Take the 2-minute tour ×
Stack Overflow is a question and answer site for professional and enthusiast programmers. It's 100% free, no registration required.

as a not Perl programmer, i would like to be sure i had well understood a construct that i am going to port to Python,

when using :

if (s/^([$PChar])(.)/$2/) {
  print $1,"\n";
  $finished = 0;
}
  • $1, $2 etc. are matching regular expression
  • s/search for/replace with/

what i am really not sure is does the matching/replacement is done before the print $1 ? and is it done "inplace" inside current buffer (which is $F, that is $_ line by line readed, splitted on its space character), that is changing it (so if i understand well, the ([$PChar]) when @ beginning of a string is totally striped off/lost in the above statment) ?

EDIT : no maybe it is not lost, first parenthesis part is captured, and then printed as $1 + new line character and then... no, do not understand what become $2... may be buffer change to second parenthesis part ? /END OF EDIT.

also is there any environnement or what is the best environnement that permit to do some step-by-step debugging on Win platform ? i'm aware that having this, i will not have asked this question. And i do not need to learn Perl, just only to be able to read and adapt this script.

here is the englobing part :

@F = split;
for( $j=0; $j<=$#F; $j++) {
  my $suffix="";
  $_ = $F[$j];
  # separate punctuation and parentheses from words
  do {
$finished = 1;
# cut off preceding punctuation
if (s/^([$PChar])(.)/$2/) {
  print $1,"\n";
  $finished = 0;
}
# cut off trailing punctuation
if (s/(.)([$FChar])$/$1/) {
  $suffix = "$2\n$suffix";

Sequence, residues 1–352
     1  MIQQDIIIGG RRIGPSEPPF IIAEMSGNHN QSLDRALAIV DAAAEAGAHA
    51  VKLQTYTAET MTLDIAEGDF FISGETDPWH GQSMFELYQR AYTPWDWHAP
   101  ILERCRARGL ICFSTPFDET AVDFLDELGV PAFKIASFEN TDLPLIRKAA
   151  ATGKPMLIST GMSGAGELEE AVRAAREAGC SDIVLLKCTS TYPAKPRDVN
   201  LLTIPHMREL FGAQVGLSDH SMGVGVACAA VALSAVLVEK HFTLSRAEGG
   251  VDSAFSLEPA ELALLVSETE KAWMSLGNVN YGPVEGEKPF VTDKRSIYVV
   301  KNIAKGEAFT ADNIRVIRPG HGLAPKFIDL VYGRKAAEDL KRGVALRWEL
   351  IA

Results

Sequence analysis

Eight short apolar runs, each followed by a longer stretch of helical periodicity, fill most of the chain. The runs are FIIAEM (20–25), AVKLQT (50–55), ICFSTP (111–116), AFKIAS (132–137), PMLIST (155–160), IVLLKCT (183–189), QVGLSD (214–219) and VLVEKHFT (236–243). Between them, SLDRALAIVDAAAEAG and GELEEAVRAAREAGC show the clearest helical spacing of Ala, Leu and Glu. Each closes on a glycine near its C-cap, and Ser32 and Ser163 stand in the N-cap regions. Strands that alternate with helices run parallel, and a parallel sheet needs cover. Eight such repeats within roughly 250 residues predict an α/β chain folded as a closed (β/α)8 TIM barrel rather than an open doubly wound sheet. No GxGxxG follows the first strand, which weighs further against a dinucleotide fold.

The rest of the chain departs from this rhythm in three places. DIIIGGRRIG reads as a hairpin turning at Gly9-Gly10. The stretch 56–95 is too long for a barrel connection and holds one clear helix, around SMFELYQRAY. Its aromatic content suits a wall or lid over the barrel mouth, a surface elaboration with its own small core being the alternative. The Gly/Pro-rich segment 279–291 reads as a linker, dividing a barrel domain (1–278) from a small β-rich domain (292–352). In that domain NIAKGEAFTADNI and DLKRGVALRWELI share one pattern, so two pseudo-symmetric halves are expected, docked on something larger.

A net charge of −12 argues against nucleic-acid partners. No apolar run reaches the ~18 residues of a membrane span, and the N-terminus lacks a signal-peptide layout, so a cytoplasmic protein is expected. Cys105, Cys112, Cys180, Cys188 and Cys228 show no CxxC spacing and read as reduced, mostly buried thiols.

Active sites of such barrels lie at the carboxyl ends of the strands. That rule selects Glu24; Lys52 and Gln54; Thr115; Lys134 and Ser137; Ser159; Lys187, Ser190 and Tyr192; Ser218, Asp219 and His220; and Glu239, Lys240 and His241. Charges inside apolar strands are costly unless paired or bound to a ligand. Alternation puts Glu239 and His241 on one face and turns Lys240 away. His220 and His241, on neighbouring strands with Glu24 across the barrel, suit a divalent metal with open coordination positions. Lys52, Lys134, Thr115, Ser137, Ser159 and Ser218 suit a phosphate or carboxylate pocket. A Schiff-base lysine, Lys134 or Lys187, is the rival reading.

$finished = 0;
}

whole script tokenize.pl can be seen here while original tar.bz if from here

best regards

share|improve this question
    
If you're going to post sample code, don't post a tar.gz file, copy and paste the plain text to some online codepad, like codepad.org. –  TLP May 3 '12 at 8:32
    
@TLP, ok thank you ! i did not know codepart.org until now :) –  user1340802 May 3 '12 at 9:02

1 Answer 1

up vote 2 down vote accepted
# try to delete the first character from the string contained in
# $_ if that character is one of the characters contained in
# the string $PChar. The deletion is done by replace the first and
# second character by only the second character.
if (s/^([$PChar])(.)/$2/) {

  # if the replacement was successful, print the deleted character.
  print $1,"\n";
  $finished = 0;
}
share|improve this answer
    
The comments from the question suggest that $PChar holds a string of punctuation marks. I didn't look at the tar, but let's assume $PChar = '\.,:;]'. Then ([$PChar]) would capture exactly one of the characters ., ,, :, ;. An easier way to achieve the same would be to just leave the second parenthesis and say s/^([$PChar])// because it doesn't touch the next char anyway. –  simbabque May 3 '12 at 8:43
    
and then the rest of the processus continue with only the string starting with the second character as being our new buffer $_ ? or do we continue with all the string unchanged as $_ ? Simbabque : yes it is actually punctuation opening marks like opening bracket. –  user1340802 May 3 '12 at 8:46
    
@user1340802: The replacements are inline which means the contents of $_ get changed (first character dropped). –  codaddict May 3 '12 at 8:47
    
This might be the script he is looking at –  TLP May 3 '12 at 8:51
    
@TLP, yes it is :) thank you. Sorry do not have found this one as it is a mirror from the orginal website i pointed. –  user1340802 May 3 '12 at 8:58

Your Answer

 
discard

By posting your answer, you agree to the privacy policy and terms of service.

Not the answer you're looking for? Browse other questions tagged or ask your own question.